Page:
For those sick of Twitter’s shadow banning and Facebook’s censorship or data gathering, Gab offers an acceptable alternative – and now Google has banned the app from its Play Store. The tech giant says that Gab violates Google’s “Hate Speech” policy because it allows free expression, which invariably includes some people who say things the rest of us don’t like. From the notice:
In order to be on the Play Store, social networking apps need to demonstrate a sufficient level of moderation, including for content that encourages violence and advocates hate against groups of people,” the statement read. “This is a long-standing rule and clearly stated in our developer policies. Developers always have the opportunity to appeal a suspension and may have their apps reinstated if they’ve addressed the policy violations and are compliant with our Developer Program Policies
The problem, of course, is that the same type of speech exists on Twitter, Facebook, and every other social media network. The difference is that Twitter claims it won’t allow it and then does nothing; Gab is up front and says free speech means allowing speech we don’t like. Twitter claims it bans so-called hate speech but allows accounts from numerous hate groups, and a simple search for any racial epithet offers a cornucopia of what the left insists is ‘bad, mmkay?’
The double standard seems unfair and even confusing. Why would Google ban an app that’s the same as Twitter, Facebook, and other social media? It’s simple; Gab is doing something else. They’re celebrating free speech in all its forms and allowing users to have a voice and to experience what happens in a free society when everyone can express themselves.
You see, while Gab allows for nearly any form of speech (its guidelines do, however, prohibit child pornography and overt threats) that means it also doesn’t protect its users from the consequences of that speech. Someone may go on to Gab and announce a long string of insults to black women; while Gab allows that, it also allows for the inevitable storm of rejoinders, rude responses, and general hell that the community will unleash on that person for saying it. In other words, the community is largely self-policing. That also makes it a bit more ‘wild,’ but gab has a self-censor feature that allows snowflakes and other easily offended folks to create a safe little bubble in which they never have to see naughty words or the real world. Gab can be what the user makes it; as such, it’s becoming an essential place on the internet – one of the last bastions of truly free expression.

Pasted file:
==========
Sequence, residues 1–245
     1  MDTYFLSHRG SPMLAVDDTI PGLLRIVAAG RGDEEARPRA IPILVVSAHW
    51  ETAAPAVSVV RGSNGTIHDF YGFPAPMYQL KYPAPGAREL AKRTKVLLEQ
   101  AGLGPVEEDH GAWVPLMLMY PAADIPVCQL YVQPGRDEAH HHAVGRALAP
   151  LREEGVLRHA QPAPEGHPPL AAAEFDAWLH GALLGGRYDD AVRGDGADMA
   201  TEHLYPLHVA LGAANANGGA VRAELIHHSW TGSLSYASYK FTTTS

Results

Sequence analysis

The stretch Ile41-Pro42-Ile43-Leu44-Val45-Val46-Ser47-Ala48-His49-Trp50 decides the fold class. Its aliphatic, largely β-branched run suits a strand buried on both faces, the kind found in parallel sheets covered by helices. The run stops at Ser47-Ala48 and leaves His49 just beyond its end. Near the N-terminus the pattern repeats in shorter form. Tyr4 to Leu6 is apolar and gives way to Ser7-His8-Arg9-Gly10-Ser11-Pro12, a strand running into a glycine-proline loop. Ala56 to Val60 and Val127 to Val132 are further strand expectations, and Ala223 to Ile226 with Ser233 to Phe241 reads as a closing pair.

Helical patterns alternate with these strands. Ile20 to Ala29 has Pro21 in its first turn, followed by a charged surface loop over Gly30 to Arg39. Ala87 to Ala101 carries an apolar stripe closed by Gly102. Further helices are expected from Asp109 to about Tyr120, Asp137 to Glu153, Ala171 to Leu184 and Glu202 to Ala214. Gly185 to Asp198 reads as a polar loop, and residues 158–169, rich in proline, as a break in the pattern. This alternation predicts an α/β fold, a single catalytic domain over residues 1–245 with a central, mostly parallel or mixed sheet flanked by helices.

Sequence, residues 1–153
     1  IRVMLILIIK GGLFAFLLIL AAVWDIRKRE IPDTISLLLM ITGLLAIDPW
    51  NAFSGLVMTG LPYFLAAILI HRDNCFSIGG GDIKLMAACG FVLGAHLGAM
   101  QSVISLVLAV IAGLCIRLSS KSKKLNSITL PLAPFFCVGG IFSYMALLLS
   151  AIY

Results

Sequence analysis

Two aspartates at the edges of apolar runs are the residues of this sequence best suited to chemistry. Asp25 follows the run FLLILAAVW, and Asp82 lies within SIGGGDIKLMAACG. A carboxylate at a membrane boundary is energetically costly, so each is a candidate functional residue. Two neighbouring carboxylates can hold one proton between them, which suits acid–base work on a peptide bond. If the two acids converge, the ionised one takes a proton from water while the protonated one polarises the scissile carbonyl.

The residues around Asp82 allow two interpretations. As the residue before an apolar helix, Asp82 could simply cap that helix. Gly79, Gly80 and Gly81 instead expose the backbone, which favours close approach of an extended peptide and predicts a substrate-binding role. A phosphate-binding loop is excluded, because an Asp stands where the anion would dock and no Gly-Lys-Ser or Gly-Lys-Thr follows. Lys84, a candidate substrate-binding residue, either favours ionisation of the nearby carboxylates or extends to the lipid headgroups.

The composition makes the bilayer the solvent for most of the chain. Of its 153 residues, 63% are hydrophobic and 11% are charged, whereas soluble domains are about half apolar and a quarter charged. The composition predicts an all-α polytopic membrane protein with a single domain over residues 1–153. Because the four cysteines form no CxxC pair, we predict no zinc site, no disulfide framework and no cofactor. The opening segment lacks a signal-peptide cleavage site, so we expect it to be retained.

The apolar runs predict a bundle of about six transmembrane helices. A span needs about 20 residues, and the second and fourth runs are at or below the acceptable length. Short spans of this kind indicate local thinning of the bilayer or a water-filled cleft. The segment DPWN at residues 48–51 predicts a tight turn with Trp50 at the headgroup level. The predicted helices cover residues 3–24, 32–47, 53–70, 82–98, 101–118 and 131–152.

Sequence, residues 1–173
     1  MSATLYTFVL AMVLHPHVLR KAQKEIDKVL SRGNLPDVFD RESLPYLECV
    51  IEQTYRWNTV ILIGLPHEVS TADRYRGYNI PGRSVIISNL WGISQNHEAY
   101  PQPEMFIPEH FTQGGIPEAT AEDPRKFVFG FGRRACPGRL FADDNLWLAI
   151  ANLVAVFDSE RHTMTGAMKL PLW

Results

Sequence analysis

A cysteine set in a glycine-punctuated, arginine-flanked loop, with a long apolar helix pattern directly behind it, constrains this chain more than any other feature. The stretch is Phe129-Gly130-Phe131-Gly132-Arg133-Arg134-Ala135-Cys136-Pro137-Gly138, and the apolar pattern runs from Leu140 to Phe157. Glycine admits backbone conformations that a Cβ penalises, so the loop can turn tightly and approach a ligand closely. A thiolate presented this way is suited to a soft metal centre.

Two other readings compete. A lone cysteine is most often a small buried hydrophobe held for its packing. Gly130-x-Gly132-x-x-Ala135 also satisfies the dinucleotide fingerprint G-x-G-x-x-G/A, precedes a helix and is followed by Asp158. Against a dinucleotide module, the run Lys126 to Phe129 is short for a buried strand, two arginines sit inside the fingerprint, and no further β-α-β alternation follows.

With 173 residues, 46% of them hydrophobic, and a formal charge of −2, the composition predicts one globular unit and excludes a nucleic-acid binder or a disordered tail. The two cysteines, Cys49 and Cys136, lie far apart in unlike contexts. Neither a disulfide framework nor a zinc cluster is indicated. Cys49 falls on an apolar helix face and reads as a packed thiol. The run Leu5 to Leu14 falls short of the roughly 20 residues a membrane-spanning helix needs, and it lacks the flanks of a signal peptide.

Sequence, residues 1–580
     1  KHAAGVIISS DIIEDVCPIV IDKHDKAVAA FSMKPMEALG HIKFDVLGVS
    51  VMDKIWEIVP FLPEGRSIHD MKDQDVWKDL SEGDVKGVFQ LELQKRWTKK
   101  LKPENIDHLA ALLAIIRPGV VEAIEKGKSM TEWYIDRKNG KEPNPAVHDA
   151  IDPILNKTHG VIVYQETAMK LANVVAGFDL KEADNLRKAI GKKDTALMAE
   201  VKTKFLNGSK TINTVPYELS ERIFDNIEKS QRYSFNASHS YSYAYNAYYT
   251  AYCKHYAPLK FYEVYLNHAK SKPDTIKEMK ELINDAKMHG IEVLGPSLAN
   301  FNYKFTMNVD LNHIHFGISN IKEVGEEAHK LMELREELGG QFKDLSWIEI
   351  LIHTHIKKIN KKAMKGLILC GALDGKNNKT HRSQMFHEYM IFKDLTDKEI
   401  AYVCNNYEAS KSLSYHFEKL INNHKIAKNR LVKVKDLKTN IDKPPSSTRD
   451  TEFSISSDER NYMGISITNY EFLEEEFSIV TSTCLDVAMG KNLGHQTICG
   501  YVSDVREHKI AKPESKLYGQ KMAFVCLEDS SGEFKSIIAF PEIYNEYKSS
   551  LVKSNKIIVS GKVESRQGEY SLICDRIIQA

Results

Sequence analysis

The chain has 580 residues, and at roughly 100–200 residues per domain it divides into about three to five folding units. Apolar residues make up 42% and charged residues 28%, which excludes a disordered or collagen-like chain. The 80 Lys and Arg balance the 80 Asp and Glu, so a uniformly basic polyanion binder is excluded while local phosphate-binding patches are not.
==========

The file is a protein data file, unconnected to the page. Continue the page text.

That’s not to say that there aren’t those on Gab who hate Jews, or Italians or Asians. There are also some people on Gab who hate whites. Interestingly enough, the very rule that makes Gab ‘wild’ is often the one that results in respectful, brilliant, informed debate – even among people who disagree. When everyone is on even ground, the majority choose to speak respectfully.
Gab, which offers several features Twitter does not, has also been a major player in the intelligence-gathering activities normally attributed to 4chan. It’s a haven for everyone from conservatives to constitutionalists to alt-right to anarchists and anyone in between. They were responsible for helping to release data on a number of scandals, including Pizzagate. Naturally, the establishment cannot allow something like this to continue. A community of free speech advocates who already understand that the left and right are basically the same, that the surveillance state is real, and the joke is always on the American people? No, that kind of community can’t be allowed.
Apple has also banned Gab, claiming that it doesn’t tolerate pornography apps (some adult content is available on Gab for those who wish to see it). Again, the double standard rears its ugly head; Twitter has all kinds of porn, and nothing is done about it.
The trick seems to be claiming you do not allow something; Twitter and Facebook can go ahead and censor anything, allow anything else and that’s fine as long as their policies say it’s not allowed. Gab, on the other hand, is very clear that if someone says something you simply “can’t even,” then you should block them, ignore them, or figure out a way to work it out like adults.
Adults, allowed to engage each other in a free speech environment? What a novel concept.
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